• ionaofavalon says:

        Sci-fi romance is a very different thing from most other types, as it may involve biracial couples. I happen to find this aspect utterly fascinating, but it might freak some people out, especially when it comes to some types of aliens, like in the case of Kira Nerys and Odo from DS9. I love them as a couple but the fact that Odo’s real form is a puddle of amorphous goo is a little off-putting. I’d be interested to know what other ladies think about sci-fi couples. Can you hear me, SpecFaith? Let’s talk, girls!

        • I was confused for a minute by “biracial” and thought, “Like Kirk and Uhura kissing? How is that controversial?” before I realized you really meant “inter-species”. 🙂

          Anyway, I shipped Kira/Odo as well back in the day, not to mention Catherine and Vincent on the 80’s BEAUTY AND THE BEAST. I don’t think that in a purely speculative universe that includes humanoid aliens or fabulous creatures capable of taking human form, a romance between the Princess Alystraea and Trogdor the Dragon-Man* is anything to panic about. We’re still talking about sentient beings, not animals or otherwise incompatible species, and the Bible doesn’t say anything about aliens or shapeshifters one way or the other.

          But if somebody finds the idea of speculative romance involving a non-human to be questionable, even if the character looks and acts pretty much like a human in every way, I’m not going to argue with them. That’s for their conscience to decide.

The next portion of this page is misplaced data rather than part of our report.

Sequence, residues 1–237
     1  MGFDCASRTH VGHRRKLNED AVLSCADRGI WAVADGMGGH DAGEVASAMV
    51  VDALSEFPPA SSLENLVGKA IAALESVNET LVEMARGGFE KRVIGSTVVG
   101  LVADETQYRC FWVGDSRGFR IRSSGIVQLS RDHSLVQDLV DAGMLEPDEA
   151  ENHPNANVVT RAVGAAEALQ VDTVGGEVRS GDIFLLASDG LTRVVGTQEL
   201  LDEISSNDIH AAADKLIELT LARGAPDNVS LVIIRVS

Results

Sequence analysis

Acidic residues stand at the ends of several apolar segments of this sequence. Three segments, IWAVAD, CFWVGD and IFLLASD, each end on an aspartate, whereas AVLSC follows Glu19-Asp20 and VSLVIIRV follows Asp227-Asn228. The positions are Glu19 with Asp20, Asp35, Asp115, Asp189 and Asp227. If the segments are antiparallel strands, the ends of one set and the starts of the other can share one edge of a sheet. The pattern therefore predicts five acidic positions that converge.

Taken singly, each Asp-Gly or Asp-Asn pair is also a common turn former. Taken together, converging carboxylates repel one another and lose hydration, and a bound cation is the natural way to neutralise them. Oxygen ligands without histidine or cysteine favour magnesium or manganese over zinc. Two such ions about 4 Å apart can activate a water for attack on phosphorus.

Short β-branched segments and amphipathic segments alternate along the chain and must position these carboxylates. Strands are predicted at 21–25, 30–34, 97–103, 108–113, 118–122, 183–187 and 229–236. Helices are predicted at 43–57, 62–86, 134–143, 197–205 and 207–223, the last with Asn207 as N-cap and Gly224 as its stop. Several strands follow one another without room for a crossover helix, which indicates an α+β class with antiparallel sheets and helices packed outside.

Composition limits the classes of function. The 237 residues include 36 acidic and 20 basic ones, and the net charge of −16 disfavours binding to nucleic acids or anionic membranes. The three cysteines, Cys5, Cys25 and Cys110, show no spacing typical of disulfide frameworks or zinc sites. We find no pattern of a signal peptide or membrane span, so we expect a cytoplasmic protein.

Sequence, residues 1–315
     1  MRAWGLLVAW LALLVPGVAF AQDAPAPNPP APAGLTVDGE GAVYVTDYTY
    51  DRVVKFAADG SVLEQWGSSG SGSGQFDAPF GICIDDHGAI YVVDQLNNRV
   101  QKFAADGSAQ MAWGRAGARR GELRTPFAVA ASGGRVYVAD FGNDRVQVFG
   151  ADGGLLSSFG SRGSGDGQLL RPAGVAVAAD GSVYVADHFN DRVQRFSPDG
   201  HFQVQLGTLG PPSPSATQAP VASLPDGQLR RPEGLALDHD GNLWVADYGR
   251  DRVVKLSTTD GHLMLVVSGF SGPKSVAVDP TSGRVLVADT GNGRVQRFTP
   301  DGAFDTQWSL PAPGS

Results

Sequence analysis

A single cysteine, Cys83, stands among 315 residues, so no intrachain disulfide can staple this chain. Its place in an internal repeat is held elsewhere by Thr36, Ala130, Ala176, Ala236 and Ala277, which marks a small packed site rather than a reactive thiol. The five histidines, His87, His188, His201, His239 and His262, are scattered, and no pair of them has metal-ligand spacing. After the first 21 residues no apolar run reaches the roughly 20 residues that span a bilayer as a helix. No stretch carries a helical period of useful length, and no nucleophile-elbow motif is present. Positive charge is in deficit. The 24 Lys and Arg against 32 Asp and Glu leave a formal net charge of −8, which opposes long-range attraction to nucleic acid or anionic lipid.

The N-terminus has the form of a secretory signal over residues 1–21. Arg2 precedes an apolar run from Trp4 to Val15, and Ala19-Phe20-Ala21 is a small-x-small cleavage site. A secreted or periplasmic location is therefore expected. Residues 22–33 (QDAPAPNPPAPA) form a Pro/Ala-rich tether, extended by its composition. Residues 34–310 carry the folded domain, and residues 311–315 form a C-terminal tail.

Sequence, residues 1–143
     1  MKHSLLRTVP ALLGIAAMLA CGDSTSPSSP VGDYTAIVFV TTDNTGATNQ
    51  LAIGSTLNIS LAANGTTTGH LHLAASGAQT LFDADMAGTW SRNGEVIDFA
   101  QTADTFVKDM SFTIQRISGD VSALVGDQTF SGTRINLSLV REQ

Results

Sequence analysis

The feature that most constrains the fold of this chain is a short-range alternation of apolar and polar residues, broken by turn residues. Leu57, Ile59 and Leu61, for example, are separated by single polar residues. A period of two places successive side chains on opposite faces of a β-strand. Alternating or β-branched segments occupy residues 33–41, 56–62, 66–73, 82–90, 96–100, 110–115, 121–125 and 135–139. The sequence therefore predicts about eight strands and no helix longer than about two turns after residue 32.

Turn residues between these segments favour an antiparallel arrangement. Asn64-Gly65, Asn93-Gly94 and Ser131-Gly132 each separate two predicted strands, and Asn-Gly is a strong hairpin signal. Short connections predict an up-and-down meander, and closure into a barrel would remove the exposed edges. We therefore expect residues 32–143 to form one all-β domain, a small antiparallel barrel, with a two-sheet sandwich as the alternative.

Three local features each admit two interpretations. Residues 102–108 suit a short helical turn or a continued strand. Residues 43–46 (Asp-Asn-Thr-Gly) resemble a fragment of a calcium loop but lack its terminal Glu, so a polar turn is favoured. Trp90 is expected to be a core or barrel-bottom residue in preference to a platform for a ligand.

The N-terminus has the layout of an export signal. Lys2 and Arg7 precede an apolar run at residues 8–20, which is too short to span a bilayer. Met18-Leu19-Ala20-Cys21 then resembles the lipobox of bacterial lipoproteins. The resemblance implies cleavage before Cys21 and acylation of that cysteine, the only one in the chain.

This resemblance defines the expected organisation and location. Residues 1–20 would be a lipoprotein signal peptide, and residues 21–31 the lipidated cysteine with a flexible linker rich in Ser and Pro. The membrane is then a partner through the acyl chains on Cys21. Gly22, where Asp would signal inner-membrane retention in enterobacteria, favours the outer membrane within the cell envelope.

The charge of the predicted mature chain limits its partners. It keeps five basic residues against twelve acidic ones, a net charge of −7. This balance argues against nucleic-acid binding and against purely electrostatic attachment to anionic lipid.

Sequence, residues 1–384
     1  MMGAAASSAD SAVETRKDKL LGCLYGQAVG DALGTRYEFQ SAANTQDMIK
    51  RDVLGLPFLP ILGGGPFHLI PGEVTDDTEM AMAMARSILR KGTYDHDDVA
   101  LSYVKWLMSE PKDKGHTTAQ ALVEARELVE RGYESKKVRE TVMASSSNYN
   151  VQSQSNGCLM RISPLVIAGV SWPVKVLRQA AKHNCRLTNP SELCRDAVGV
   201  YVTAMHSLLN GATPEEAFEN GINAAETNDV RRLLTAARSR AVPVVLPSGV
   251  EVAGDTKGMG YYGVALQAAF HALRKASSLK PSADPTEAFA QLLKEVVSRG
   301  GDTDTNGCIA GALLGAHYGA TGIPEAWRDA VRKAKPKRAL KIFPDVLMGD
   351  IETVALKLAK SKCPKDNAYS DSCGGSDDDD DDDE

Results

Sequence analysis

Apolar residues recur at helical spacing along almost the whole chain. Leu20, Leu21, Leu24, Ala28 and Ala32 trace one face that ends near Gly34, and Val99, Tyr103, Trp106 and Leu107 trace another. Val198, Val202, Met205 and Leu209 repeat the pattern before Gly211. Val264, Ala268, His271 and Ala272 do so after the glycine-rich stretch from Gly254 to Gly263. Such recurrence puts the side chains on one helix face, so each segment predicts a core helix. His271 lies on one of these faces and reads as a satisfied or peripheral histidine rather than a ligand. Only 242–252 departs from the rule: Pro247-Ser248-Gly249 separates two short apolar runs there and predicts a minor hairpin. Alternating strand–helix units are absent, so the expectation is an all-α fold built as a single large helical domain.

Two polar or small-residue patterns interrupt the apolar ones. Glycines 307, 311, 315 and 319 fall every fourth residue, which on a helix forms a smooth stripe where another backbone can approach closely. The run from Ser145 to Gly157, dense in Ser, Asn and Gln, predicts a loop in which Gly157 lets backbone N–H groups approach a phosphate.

* That’s right, you get TWO obscure geeky pop-culture references for the price of one. I’m generous that way.

          • ionaofavalon says:

            I just watched BATB and I loved it! I never saw Vincent as an issue, I saw him as like an X-Men mutant. No one would deny they are human. (And you know, that’s not a bad idea…. X-Men/1987 BATB crossover) And that’s quite true, they are sentient beings, but if people have an issue with it, that is totally up to their consciences.

        • Audie says:

          I’m a guy, not a lady, but for what it’s worth, here’s my thoughts, though with some fantasy along with sci-fi…

          One of my favorite parts of Tolkien’s whole Middle-Earth stories is the story of Beren and Luthien, a human man who falls in love with an elven woman and has to complete an impossible task to win her father’s approval.

          Star Trek had a few cross-racial things in it. Heck, Spock was half-human/half-vulcan, so it’s already assuming such things were possible and fruitful right off the bat. Worf and Dax also come to mind.

          A lot of the bigger fantasy/sci-fi universes, things like Dragonlance and Forgotten Realms, have characters who are either half-this/half-that, or romantic elements involving characters of different races. Drizzt and Catti-Brie, from Salvatore’s stories, comes to mind. On the other hand, most Warhammer 40K stories that I’ve read have little romance in them, let alone cross-racial romances, and they still have a good level of popularity.

      • Jo M says:

        I’d say I definitely prefer the “found family” genre, quite honestly, because I’m single, and that’s the kind of family I can “establish” at this point in my life. Stories with those sorts of relationships feel more like a challenge to go deeper and invest relationally with the people around me, rather than an unhealthy escape into fantasy about a man who could come in and sweep me off my feet and who I’d live happily ever after with. If I let myself, I can very much enjoy romance heavy stories, but I know they aren’t in any way healthy for me, so I intentionally avoid them. Especially in movies. 😛

        • ionaofavalon says: